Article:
While the above are superb examples of the highly professional response to the pandemic, it should also be recognised that they were completed alongside the various creation and installation of wide ranging initiatives such as the implementation of one-way travel, improved processing of patients and a long list of safety measures established to keep staff and patients as safe as possible.

Mr Macfarlane provides yet another example of the design and build of an assessment pod that was completed in six weeks, which saw the initial design chalked out on former car parking space.

“This allowed NHS staff to test how it would work to make sure everything was in the right place. It was built in six weeks and is now one of the best ambulance response units in the country.

“This was a great defining moment in proving how the quick response to Covid-19 was completed, not only in our trust but across the country, often with the benefit of military training.

"While the situation itself was very difficult to deal with for many people for obvious reasons, I actually enjoyed the challenge and it was very satisfying to see these projects completed so effectively,” he says.

Perhaps unsurprisingly, there have been other major successes within Mr Macfarlane’s tenure that will continue to deliver benefits to the trust in the future.

One of the best examples of these is improving the trust’s use of its space, which is measured by the weighted average unit (WAU) metric.

At the start of his property director role in 2017, Mr Macfarlane states that the WAU rating for the trust was £770 per sq m and regarded as too high.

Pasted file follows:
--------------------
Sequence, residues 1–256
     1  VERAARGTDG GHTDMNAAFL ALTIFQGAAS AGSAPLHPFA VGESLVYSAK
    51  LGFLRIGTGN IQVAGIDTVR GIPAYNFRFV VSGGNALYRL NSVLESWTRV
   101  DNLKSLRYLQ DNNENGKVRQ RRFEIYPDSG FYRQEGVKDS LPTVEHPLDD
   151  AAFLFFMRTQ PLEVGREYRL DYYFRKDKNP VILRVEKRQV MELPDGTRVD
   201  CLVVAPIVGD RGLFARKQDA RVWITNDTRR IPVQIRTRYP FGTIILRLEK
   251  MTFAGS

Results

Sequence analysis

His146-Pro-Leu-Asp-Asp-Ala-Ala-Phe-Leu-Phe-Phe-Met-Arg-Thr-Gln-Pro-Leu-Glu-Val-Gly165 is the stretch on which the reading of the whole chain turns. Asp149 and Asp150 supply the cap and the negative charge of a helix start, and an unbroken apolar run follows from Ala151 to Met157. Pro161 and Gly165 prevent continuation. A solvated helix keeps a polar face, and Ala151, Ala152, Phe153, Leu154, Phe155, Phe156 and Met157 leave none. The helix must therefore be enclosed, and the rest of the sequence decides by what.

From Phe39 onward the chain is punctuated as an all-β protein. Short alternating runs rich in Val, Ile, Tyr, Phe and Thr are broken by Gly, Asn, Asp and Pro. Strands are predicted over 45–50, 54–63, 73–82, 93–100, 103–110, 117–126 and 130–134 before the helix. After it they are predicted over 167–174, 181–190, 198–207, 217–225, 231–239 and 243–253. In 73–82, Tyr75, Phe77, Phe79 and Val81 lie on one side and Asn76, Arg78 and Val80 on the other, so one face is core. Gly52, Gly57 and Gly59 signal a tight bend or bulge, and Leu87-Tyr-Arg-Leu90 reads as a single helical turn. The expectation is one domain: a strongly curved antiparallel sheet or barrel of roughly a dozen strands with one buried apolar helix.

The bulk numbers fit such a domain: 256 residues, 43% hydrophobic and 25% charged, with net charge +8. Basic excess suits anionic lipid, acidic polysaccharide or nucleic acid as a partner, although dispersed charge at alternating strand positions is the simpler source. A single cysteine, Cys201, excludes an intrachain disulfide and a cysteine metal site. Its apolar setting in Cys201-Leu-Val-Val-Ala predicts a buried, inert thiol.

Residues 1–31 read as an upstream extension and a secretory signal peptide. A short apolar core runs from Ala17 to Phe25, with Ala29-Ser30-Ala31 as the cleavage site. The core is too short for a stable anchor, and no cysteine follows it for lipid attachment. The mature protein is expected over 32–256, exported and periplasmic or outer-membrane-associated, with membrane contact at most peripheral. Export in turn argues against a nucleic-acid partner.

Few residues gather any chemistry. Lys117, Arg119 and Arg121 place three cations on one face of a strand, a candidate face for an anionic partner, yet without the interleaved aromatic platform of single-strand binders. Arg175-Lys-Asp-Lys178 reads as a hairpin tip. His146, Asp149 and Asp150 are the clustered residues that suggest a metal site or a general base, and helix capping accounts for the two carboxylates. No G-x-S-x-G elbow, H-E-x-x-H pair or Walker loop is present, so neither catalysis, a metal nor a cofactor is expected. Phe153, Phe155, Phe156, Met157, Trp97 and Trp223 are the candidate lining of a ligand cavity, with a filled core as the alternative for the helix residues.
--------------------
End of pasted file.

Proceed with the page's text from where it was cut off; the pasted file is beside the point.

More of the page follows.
“One of the issues was the storing of records, which takes up a lot of space, but we solved this by purchasing a local warehouse that allowed us to store everything in a central location, and the costs were covered by renting out one of our car parks,” he explains.

“Not only is this more accessible and efficient, but it’s allowed us to use a lot of space within the estate far more effectively, with the initial investment of £750,000 saving £4m so far. Within two years our WAU rating fell to £610 per sq m and further improvements will see the rating fall to £550 per sq m, which is when we’ll be at the ‘green’ level where our space is used in a highly efficient way.”

Improved use of space can also be seen to be having beneficial financial effect, Mr Macfarlane continues. With the 1.9m sq ft estate including a large number of ageing facilities, there is a £100m backlog of maintenance work.

“The changes we’ve made has also allowed the trust to generate more income. One of the benefits of this is that we can look to invest in the estate and reduce the maintenance backlog and aligning all these with further improvements has further improved our CQC rating,” he says.

Profound experience

While these examples serve as a brief outline of the many positive developments achieved by Mr Macfarlane, his team and their service delivery partners, the need to for personal support can also be seen as an important area of consideration. He provides the example of the HorseHeard charity and the “profoundly moving” experiences resulting from this.

“I’ve attended a few days with teams of colleagues and veterans, where everyone is encouraged to bond with a horse. One former veteran was terrified of horses and also suffered from PTSD, but was persuaded to come along.

“As they approached, the horse just leaned toward them and you could see them both instantly relax.

"The benefits are massive and we’re looking to repeat this with some NHS colleagues, many of whom operate in stressful conditions and I’m sure they’ll benefit greatly. We even brought a horse into one of the children’s wards with some wonderful results,” says Mr Macfarlane.